Food hygiene scheme to be rolled out across West Norfolk

Customers will be better informed when eating out in West Norfolk, thanks to the introduction of a new scheme which tells them about the hygiene standards of food outlets.

West Norfolk council joined the national Food Hygiene Rating Scheme on Wednesday with the aim to roll it out across the borough.

The scheme, developed by the Food Standards Agency (FSA) in partnership with local authorities, provides information on food hygiene standards to help people to choose where to eat out or shop for food.

Food outlets, such as restaurants, takeaways and pubs, are inspected by food safety officers from the council to check that their hygiene standards meet legal requirements.

The hygiene standards found at these inspections are rated on a scale ranging from zero at the bottom, which means urgent improvement necessary, to a top rating of five.

These ratings will then be made available for anyone to view on the FSA website at www.food.gov.uk/ratings and the food business will be given a sticker and certificate.

The businesses will be encouraged to display these at the entrance to their premises and means that their customers can easily see them and decide if they want to go in.

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Councillor Alistair Beales, cabinet member for community, said: 'We have joined the scheme as we can see the benefits for local food businesses and the people that eat and shop in them.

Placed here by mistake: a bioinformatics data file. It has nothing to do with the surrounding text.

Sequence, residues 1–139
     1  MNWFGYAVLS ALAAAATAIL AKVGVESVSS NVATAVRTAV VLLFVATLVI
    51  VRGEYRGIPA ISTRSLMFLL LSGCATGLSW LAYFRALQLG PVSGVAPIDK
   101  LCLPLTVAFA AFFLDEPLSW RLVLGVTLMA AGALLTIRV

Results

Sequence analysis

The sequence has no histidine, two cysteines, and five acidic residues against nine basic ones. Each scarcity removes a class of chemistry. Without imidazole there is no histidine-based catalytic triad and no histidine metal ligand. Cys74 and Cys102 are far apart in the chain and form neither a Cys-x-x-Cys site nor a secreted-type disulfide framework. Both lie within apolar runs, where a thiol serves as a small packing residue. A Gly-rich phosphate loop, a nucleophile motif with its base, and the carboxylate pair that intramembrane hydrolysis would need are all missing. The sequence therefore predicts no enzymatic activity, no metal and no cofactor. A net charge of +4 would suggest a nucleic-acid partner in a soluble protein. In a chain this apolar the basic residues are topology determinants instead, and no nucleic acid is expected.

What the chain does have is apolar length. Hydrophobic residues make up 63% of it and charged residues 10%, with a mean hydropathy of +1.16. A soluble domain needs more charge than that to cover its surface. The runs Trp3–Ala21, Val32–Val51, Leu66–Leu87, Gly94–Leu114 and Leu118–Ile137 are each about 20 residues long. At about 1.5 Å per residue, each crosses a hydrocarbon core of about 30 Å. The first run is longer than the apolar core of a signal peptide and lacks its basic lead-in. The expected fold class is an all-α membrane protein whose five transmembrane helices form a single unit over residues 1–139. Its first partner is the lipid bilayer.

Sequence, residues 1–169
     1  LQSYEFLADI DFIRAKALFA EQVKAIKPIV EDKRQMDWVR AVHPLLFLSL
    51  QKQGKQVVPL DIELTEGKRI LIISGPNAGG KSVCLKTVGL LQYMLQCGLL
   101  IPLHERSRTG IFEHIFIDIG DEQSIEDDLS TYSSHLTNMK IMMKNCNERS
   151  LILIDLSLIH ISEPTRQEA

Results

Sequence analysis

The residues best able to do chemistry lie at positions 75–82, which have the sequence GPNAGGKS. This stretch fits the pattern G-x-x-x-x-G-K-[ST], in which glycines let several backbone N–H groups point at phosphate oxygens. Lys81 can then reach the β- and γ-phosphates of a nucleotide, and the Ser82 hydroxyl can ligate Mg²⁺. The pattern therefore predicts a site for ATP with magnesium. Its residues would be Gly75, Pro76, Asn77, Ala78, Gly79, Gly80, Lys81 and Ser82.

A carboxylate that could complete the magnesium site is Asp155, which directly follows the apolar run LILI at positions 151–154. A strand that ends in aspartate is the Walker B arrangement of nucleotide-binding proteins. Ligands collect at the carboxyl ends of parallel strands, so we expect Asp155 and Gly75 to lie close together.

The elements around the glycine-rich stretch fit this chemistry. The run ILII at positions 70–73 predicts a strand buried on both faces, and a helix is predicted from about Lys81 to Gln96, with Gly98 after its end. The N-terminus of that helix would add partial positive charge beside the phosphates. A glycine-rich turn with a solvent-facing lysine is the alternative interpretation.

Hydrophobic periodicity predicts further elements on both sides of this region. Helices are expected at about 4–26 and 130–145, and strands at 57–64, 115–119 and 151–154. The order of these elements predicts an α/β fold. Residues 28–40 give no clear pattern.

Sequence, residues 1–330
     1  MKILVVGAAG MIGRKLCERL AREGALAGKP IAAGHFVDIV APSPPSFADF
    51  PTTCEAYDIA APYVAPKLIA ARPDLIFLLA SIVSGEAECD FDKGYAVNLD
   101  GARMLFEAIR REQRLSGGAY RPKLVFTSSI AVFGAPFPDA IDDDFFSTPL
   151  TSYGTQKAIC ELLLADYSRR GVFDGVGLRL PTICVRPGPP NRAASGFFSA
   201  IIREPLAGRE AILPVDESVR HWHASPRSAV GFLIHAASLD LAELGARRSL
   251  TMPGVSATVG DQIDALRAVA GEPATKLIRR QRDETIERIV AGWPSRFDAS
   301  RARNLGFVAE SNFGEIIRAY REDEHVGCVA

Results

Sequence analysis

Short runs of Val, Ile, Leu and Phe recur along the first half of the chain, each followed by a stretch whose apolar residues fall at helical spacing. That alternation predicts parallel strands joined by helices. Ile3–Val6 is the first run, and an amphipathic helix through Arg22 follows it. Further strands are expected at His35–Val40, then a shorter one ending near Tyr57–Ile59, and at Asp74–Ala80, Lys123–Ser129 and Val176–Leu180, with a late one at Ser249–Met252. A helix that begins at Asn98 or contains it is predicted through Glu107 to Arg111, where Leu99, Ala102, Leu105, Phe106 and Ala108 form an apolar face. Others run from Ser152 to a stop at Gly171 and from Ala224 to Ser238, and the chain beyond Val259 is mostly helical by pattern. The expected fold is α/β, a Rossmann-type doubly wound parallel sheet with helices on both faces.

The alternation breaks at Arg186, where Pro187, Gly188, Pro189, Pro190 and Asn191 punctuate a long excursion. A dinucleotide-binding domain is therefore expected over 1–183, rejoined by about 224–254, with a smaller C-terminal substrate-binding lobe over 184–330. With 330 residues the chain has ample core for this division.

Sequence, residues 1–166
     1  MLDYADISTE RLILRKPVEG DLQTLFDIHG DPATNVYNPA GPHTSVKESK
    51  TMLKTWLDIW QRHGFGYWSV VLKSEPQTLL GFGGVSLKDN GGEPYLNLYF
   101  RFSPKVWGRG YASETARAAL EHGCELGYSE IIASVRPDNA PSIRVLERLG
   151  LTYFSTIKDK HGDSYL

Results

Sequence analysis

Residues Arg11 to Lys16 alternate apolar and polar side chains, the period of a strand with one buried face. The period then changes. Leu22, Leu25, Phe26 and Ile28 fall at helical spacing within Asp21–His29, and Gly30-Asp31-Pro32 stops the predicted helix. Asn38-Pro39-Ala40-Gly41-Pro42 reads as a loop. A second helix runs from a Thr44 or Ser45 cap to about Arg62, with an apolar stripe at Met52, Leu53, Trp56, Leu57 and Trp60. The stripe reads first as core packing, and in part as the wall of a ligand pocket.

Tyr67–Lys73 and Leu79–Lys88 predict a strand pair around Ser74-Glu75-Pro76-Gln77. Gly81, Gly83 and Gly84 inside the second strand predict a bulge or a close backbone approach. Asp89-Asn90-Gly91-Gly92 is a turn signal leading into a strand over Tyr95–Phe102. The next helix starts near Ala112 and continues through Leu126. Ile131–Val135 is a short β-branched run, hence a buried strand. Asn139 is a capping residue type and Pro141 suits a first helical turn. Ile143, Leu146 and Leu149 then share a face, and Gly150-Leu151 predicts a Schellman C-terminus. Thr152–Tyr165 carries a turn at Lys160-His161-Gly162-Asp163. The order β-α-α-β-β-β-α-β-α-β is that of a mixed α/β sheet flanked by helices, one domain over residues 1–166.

'The public will be able to use the ratings when deciding which outlets to visit and we hope that food companies will recognise that displaying a good hygiene rating is good for business.

He added: 'When customers expect to see a rating, there is a real incentive.'

Catriona Stewart, head of the food hygiene ratings team at the FSA, said it is great news that the borough council has joined the scheme.

She said: 'Around one million people suffer from food poisoning every year, and our aim in introducing the scheme is to reduce this.

'The ratings will give consumers a glimpse of what is going on in the kitchen when they eat out, or behind the scenes at the places they shop, before they make their decision about which place they prefer to visit.'

Butcher John Goddard, who has been in Downham Market for almost 20 years, has been awarded the top rating in this scheme.

He said: 'I think it's an excellent idea and it will certainly keep people on their toes.

'Everyone will want to get the top rating of five but they will need to be on the ball to get it.

'It will do the shops good and I think it will drive standards up. It will also be a comfort for customers to be able to see the place they are getting their food from is really clean.

'The inspectors go through everything like expiry dates on the food and if it comes from where you say it does.

'It takes the inspectors a few hours to go through everything - it's not just a quick look around the kitchen.'

Mr Goddard said he had no idea when the recent inspection of his business was going to happen.

He added: 'I am really happy to get the top rating but we will still keep making improvements because I want to keep the top rating.'

The launch of this scheme in West Norfolk coincides with the launch of it in nearby Broadland and Breckland.

The scheme has also proven to be a success in Norwich and across other parts of the country.